The international consulting firm Miebach, from Germany, has conducted for the first time a regional study on distribution and logistics among Central American companies, with the participation of 238 companies, 80 of them in Costa Rica (39% of the total).
The main findings for Costa Rica were that companies are expanding sales, have well qualified staff, but there are lags in terms of infrastructure, automating internal processes and product delivery times.
39% of the Costa Rican firms surveyed belong to the consumer goods sector, 22% are distributors, and the others are in logistics and retail services.
"Locally, one fifth said they had annual increases in the order of 5% to 10% per year and another percentage just over 10%. None experienced negative growth", reported Elfinancierocr.com.
Regarding logistics costs, in the case of Costa Rica they are divided as follows: 29% for stock, 22% for transportation, 20% for staff payments, and another portion for infrastructure.
Costa Rica has slower delivery times than other countries. The average in Central America is less than 48 hours for 60% of companies, in Costa Rica nearly 60% do so in a period of between 48 and 72 hours.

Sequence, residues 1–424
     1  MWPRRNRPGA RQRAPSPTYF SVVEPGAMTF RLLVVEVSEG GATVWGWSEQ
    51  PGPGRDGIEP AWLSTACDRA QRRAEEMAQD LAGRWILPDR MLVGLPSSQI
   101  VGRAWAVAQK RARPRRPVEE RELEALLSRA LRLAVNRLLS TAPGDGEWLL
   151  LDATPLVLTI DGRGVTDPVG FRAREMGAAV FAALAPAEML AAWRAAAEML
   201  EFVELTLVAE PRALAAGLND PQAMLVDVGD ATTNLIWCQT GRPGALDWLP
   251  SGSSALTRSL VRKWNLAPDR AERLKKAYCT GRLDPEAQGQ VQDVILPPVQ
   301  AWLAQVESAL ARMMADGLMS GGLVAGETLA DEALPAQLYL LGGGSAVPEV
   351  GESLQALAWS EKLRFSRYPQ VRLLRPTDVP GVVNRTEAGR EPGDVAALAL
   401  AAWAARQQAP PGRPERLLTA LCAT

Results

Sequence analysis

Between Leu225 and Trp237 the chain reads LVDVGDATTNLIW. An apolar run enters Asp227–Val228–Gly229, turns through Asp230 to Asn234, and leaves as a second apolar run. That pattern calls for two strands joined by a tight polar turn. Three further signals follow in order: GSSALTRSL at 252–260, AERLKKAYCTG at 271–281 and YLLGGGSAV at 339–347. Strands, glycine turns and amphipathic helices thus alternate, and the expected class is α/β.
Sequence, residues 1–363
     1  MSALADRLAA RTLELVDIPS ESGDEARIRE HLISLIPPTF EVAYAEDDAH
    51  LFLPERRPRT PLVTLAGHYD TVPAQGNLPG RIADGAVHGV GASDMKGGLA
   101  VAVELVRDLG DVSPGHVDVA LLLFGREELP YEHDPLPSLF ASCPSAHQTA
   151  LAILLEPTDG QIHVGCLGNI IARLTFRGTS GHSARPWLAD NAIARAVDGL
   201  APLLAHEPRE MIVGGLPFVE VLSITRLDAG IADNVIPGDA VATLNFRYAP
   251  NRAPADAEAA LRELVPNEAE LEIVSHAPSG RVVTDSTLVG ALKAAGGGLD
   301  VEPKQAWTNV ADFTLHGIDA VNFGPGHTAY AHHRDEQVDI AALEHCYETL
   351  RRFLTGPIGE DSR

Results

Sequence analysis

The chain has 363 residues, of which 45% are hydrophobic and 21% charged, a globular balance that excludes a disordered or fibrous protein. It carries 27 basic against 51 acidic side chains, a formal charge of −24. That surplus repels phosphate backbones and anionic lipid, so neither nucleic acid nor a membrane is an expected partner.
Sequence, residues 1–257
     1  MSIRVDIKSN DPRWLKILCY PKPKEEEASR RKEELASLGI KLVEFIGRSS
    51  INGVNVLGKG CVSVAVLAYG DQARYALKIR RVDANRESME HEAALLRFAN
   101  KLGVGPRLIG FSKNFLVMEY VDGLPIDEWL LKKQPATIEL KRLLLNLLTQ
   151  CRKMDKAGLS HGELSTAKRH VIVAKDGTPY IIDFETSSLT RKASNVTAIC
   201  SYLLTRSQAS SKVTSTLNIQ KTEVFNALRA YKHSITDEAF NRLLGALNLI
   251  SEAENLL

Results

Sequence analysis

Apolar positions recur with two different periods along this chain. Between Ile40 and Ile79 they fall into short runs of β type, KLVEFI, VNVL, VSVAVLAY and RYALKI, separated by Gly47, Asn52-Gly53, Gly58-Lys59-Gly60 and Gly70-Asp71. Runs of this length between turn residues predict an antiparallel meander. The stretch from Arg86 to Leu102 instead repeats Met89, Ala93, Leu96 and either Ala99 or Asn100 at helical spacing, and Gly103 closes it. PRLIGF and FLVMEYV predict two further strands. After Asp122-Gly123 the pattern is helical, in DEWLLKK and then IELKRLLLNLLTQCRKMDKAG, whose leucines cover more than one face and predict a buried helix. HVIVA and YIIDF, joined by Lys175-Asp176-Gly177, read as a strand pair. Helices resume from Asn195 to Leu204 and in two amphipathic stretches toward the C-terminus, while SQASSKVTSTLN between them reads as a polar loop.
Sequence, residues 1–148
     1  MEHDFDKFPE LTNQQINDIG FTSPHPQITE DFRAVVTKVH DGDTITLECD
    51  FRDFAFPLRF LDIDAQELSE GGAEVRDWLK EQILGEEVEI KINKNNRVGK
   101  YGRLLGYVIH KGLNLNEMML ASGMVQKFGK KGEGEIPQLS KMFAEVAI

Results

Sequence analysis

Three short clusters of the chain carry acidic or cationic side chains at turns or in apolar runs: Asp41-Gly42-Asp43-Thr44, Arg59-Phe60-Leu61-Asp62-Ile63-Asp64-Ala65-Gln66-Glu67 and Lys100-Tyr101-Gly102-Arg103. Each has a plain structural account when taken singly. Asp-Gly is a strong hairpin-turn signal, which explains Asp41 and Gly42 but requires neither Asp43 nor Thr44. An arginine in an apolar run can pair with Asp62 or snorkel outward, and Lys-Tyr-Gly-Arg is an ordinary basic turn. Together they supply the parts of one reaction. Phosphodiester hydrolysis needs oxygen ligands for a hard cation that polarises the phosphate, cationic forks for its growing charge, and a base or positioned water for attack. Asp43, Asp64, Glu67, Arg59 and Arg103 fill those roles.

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The high costs that firms have to incur to produce competitively in the country is the main reason behind the partial closure of the Yanber company's operations in Costa Rica and its transfer to Nicaragua.
Taking time to eliminate hidden costs in business may be the best short-term investment.
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In response to this lack of supply identified by Colliers International new projects have appeared west of the capital, near the logistics centers of companies which distribute their products nationwide.
Businessmen in Costa Rica attribute the outflow of $31 million in the first quarter of the year to the close down of operations of businesses in the sector who have decided to move to neighboring countries.
The outflow of capital from the manufacturing industry during the first three months of this year is $7 million more than left the country in the same period in 2009, during the economic crisis in the United States, according to detailed figures from the Central Bank of Costa Rica.